On Monday, the fourteenth annual Antiques Trade Fair came to a close in Prague. Some sixty dealers from all over the country offered everything from 19th and 20th century art to silverware and porcelain. Besides collectors and traditional buyers, the fair also attracted hundreds of people on the look-out for unique Christmas presents or antiques to decorate their homes. Dita Asiedu reports:
Several thousand visitors flock to Prague's Manes exhibition hall every year. Some come to buy antiques; others have dug up their old jewellery, silverware, or even tobacco tins and visit the fair to use the free consultations offered by professional art and antique valuers:
"Hello, my name is Jitka. This antique fair is for all kinds of antiques - you can find old porcelain, glass, jewellery, paintings, dolls, toys, and textiles such as national costumes. Ten years ago, the fair attracted older people, specialised dealers, and foreigners but now young people are also interested and I think it's really great for our business. They can find small things that are not too expensive and can start a collection."
The 1990s, art dealers agree, were the golden years of the Czech world of antiques. After forty years of Communist rule, precious art and antiques were returned to their original owners en masse. Unfortunately, much of it made its way abroad. But the country's valuable heritage appears to be gradually finding its way back home. I spoke to Petra Young, the Vice-President of the Czech Association of Antique Dealers about this new phenomenon and the state of the antique trade in the Czech Republic today:
"I think it's just a natural process. The country is getting richer and people are more aware of their heritage and they don't consider foreign goods so glamorous anymore. In the 1990s, after the country was virtually isolated for many years and people didn't have a chance to buy foreign goods, anything made in the west was in our eyes of a better value and quality. Now, people have become wiser, they have travelled and had a chance to see the world and other cultures and they are perhaps starting to appreciate their own culture more and are able to buy those items back."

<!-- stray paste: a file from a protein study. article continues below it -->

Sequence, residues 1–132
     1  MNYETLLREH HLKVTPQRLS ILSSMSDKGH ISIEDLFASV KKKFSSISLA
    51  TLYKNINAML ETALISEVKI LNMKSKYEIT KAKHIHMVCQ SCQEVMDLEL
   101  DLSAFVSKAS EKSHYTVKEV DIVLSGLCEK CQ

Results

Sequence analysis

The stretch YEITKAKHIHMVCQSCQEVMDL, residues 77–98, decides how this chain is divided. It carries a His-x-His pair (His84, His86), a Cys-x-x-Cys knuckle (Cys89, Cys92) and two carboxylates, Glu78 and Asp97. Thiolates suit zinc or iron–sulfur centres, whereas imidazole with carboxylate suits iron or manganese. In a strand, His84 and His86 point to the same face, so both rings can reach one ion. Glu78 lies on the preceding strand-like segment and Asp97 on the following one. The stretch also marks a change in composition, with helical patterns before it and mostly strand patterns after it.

If an antiques dealer were to call you from Germany, Austria, or some other foreign country and were to ask you whether it would pay off for him to come to a Czech trade fair, what would you say?
"It would depend on what the dealer had to offer and the prices too. I don't know the German market that well but I have been to the UK several times and I know that there are items that would sell very well in the Czech Republic. English furniture, for example, is very unusual on the Czech market and the prices - talking about generally used items and not the top market - are usually very competitive. A different story would be with English jewellery. That's because its purity is generally not high enough for the Czech market. English silver, for example, is of a lower purity than what we are used to."
What about Czech antiques abroad? What would sell very well?
"I still think that there are many painters whose works are of a very high quality but unknown abroad. The prices of oils are generally very low compared to what you pay for quality oils in the western countries. So, I think that if you did a careful selection of decorative oil paintings where it doesn't really matter who the author is, then I think you could do very well with that. I also know that on the English market Tonet furniture [from the Moravian town of Prerov] is very attractive. So, it depends on the country you travel to and you need to make a selection based on that. But we are also starting to get quite a lot of inquiries from the United States because the Americans are quite adventurous and they are happy to look at new authors and possibly invest in them."
Every year the proceeds of the sale of selected antiques at the trade fair go to charity. This year, they will be used to finance a project in Pilsen that helps families with children battling serious physical and mental disabilities.
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